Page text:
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At 6:20 A.M., I woke with this dream:

It is evening service at the black church I’ve been attending, at the invitation of the pastor and his wife. Again, I’m greeted and enter the fellowship filled with hymns and prayer. Other than occasional constipation, I am well. The pastor, also a physician, will perform a proctologic exam in his office in the morning. Having had one before, I’m anxious.

The vibrant setting of this dream, the evening service at the black church, opens my psyche to hidden disorders that require identification and correction. The occasional constipation keeps my body/mind starved of vital nutrients, dulls my perceptions, and dumps me within the morass of sloth: Why bother?

The pastor bridges the gap between God’s presence and the worshipers in his black church: such engagement restores disorders that sludge human interactions and quickens spirits into living flames. On my own, I’m powerless to achieve the wholeness to which I aspire.

Yet, I’m anxious. Given my long-standing pride, it’s painful to admit my arrogance and willfulness, smirches upon my character for all to behold. For much of my life, pretense kept such disorders at bay; whenever aware of them, I barely nodded at their toxicity.

Since working the Twelve Steps in Recovery, however, such disclosures become frequent cries to Higher Power to effect the necessary changes. This is precisely the task of spirituality.

With the afflicted Job (10:6), I identify with his cry to God: You must search out my faults and probe after my sin. Such purification works: It’s about becoming humble and serving others.

At 4:30 A.M., this corrective dream woke me:

In front of me stood a suntanned mom, her arms filled with kid books, her blonde toddler holding onto her jogging shorts. Then it was my turn at the counter. “You’ve a ten-cent fine,” said the librarian looking over her computer.

This dream felt like a particle of a larger one, but substantive enough to work with.

The ten-cent fine stands out.Admittedly, an annoyance, it speaks to the issue of contracts, including book rentals. The imposition of fines for late returns speaks of the library’s ownership of books and other materials on their shelves.

In the dream, I incurred such a fine, unlike my usual attentiveness to such matters. Paying the dime smarted: it was not the amount but “someone” had found out—I was not perfect.

On a deeper level, the fine serves as a wake-up call to my present circumstances. That “someone,” a unified voice of trusted family and friends, kept reminding me of how well I looked, much to me dismay. Eventually, I learned they were right.

Despite diseased lungs, I was not dying—not yet.

For too long, if I’m honest with myself, I have been harboring scenarios of my demise, lapping up others’ sympathy, concerns, gifts, and notes of loving prayer. In recovery circles, such obsessive thinking catastrophes the future.

It’s all about mindfulness, of pacing my ADLs lest further weakened by exhaustion—limited living, but living, nonetheless. Others have done this and so can I, with Higher Power’s help, each twenty-four hours.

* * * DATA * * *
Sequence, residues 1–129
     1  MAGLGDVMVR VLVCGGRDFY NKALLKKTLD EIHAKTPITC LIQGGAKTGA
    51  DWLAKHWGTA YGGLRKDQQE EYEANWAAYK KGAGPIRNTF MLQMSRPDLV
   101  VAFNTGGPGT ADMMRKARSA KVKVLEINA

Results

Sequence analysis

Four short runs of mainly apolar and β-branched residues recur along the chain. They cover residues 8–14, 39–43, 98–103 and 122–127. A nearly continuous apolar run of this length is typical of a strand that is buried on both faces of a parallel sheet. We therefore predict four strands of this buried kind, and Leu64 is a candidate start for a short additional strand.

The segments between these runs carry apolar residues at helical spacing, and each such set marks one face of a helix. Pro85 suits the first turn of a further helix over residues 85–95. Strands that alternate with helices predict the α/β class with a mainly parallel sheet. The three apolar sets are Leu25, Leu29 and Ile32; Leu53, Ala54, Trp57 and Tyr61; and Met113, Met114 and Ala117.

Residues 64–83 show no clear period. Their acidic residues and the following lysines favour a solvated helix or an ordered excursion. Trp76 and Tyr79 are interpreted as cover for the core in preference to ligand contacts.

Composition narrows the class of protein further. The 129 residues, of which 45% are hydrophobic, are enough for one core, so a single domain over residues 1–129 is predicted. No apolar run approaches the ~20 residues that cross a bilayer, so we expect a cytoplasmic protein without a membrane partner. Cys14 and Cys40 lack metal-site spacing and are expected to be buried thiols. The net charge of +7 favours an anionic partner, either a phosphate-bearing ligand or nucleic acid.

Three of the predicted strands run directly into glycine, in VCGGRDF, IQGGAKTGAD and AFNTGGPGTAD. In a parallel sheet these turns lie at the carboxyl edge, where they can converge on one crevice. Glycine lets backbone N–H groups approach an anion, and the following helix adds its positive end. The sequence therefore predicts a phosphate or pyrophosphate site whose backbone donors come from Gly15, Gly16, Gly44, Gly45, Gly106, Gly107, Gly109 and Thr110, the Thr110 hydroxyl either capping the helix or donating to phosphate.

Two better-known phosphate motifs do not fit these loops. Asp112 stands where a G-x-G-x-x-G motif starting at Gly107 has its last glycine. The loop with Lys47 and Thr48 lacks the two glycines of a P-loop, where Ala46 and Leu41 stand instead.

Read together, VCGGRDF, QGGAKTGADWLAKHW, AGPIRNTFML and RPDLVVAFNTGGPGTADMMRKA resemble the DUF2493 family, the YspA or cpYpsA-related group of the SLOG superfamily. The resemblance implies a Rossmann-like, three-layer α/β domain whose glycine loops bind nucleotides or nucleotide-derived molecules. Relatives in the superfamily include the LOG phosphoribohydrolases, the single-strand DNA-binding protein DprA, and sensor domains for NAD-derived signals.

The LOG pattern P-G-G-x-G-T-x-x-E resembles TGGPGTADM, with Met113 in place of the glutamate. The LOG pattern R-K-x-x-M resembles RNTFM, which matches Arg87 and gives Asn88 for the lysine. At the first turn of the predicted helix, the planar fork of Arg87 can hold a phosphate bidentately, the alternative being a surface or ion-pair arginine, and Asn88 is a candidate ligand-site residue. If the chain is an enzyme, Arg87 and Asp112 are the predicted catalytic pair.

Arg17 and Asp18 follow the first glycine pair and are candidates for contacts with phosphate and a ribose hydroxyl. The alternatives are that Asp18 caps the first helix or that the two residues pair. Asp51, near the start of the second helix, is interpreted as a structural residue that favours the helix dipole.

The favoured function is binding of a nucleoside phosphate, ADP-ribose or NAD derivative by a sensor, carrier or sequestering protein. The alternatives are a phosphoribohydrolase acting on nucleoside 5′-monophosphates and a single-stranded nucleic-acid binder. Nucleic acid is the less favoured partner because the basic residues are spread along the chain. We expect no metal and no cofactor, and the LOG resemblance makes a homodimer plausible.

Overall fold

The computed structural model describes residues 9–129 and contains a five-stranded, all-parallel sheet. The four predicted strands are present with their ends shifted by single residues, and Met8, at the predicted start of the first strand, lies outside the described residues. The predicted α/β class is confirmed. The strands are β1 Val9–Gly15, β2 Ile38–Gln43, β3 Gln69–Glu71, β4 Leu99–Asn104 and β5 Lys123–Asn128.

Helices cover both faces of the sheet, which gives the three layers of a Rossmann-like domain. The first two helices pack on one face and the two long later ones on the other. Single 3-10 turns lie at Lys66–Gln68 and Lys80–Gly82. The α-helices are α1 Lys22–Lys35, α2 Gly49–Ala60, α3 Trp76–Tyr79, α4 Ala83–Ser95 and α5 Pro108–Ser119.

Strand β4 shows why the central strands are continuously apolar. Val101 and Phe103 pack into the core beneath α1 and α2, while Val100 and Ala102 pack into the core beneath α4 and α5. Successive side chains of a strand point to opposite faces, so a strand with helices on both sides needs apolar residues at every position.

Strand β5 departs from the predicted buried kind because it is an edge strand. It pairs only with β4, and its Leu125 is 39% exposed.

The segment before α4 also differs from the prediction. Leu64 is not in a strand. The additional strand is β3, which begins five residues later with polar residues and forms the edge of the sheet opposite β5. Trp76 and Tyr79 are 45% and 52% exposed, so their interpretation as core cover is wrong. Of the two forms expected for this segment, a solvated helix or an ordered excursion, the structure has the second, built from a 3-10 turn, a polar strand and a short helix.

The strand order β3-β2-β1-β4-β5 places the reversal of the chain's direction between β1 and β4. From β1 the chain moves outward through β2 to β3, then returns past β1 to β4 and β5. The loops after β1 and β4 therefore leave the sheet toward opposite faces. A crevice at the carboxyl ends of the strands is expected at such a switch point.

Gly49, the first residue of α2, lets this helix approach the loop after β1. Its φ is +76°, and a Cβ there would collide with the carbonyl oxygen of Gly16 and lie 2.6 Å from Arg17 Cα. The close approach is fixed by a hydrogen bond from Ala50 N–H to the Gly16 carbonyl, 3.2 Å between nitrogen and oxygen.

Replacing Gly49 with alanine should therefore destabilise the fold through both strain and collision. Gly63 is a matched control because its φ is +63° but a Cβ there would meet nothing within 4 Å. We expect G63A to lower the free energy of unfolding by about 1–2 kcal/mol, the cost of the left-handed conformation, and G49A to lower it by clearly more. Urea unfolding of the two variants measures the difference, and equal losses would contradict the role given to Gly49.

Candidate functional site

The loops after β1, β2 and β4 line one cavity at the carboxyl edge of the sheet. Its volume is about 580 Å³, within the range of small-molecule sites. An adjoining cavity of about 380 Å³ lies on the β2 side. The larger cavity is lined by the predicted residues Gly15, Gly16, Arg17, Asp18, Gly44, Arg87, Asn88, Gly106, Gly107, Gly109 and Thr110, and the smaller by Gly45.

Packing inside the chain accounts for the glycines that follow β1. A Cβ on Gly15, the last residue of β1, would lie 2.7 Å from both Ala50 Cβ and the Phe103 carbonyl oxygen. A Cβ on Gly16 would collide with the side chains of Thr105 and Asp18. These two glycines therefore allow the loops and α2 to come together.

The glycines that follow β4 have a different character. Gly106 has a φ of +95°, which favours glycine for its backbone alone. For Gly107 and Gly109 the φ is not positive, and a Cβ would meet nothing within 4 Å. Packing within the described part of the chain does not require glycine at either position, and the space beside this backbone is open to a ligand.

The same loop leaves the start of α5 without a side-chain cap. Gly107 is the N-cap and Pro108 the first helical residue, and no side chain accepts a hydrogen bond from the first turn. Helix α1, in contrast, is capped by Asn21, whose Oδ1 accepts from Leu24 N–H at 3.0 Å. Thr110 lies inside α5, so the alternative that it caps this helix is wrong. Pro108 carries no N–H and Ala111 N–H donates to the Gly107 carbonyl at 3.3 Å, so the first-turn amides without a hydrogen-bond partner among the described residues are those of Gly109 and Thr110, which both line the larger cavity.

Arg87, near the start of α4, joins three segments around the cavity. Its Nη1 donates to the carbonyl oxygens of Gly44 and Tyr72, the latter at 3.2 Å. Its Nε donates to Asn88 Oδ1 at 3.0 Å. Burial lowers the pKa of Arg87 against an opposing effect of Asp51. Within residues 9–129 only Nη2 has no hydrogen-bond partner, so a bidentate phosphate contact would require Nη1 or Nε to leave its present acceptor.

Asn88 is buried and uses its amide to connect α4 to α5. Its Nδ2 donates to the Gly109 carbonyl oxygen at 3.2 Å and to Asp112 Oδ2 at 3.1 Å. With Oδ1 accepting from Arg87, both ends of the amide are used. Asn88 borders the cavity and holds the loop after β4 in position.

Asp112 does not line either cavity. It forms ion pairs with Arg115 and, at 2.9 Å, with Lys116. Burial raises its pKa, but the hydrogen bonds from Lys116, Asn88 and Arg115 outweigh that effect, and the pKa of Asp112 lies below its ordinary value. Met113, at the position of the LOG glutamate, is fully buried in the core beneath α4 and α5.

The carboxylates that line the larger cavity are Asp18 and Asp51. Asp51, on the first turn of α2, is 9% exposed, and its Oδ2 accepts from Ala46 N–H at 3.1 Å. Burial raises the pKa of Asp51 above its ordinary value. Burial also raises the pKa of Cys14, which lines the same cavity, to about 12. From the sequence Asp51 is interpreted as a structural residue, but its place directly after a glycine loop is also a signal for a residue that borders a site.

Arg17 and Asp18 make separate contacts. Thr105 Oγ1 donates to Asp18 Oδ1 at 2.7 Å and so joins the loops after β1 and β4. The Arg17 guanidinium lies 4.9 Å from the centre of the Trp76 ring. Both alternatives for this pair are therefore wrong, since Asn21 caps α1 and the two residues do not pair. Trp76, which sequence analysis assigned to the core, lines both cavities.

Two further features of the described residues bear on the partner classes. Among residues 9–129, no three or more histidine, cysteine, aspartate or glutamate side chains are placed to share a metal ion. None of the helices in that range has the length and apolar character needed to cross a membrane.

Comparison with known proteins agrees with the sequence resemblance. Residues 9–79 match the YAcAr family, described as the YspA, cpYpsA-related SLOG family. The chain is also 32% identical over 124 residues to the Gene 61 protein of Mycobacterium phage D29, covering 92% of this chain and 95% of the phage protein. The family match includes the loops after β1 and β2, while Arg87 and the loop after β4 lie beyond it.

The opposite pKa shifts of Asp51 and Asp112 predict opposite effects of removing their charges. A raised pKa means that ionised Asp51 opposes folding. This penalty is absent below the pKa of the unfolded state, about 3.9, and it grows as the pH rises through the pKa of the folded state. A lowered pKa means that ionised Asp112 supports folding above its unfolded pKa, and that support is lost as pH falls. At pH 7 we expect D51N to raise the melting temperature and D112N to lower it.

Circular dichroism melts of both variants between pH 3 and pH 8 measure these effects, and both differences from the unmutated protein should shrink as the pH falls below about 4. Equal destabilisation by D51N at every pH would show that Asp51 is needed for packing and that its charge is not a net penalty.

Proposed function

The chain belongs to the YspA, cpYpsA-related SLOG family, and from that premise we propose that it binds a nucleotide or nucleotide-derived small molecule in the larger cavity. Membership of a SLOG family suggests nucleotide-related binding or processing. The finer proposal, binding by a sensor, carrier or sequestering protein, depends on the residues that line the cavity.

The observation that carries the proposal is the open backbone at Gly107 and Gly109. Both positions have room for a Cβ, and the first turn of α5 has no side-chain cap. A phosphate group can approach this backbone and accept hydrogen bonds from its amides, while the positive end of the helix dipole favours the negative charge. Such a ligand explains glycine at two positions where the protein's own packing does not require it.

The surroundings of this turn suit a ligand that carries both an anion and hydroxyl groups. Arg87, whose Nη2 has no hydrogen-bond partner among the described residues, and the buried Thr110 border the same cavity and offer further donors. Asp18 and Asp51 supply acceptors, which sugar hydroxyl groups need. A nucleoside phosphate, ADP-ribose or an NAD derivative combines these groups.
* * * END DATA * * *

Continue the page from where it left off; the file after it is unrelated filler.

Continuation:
With a jolt, I awoke with this corrective dream:

Lethargic, unfocused, I’m driving my new used car home from the dealership. As I approach the grocery store, I remember needing eggs and decide to stop. I pull into the parking lot that slopes toward the curb, then turn off the ignition. To my horror, the car keeps moving. I don’t know where the brake is. I need help.

Given the busyness of yesterday, it’s no wonder that my Dreamer spun this story.

Lethargic, unfocused speaks of the dissociation from my body as well as the world around me, a condition I used to live in before getting into recovery; it kept me isolated, unable to learn, stunted psycho-socially. That I’m still swallowed in this malaise reveal its deep rootedness. Yesterday’s relapse led to disregarding my third breathing treatment at the scheduled time. Exhaustion precluded remaining awake until a later time when it was safe to take it. Only with this morning’s treatment did deep breathing fill my lungs.

Driving my new used car suggests my self-will run riot, as described in the Big Book. In my present circumstances, I’ve no need for a car. Yet in the dream story, I procure one. I will have it my way, no matter that I may harm others or myself.

The grocery store with its eggs speaks of my penchant for nutritious foods to maintain my old body, such as it is. I still avoid sugars and most grains.

I don’t know where the brake is. —A terrifying moment seated in my car rolling toward the street and a probable crash. This image prods me to listen for Higher Power’s direction and not go out on my own, and to say No when taxed beyond my endurance. I’m the one with the terminal illness.



Such are the associations from these dream images, urging deeper listening for direction.


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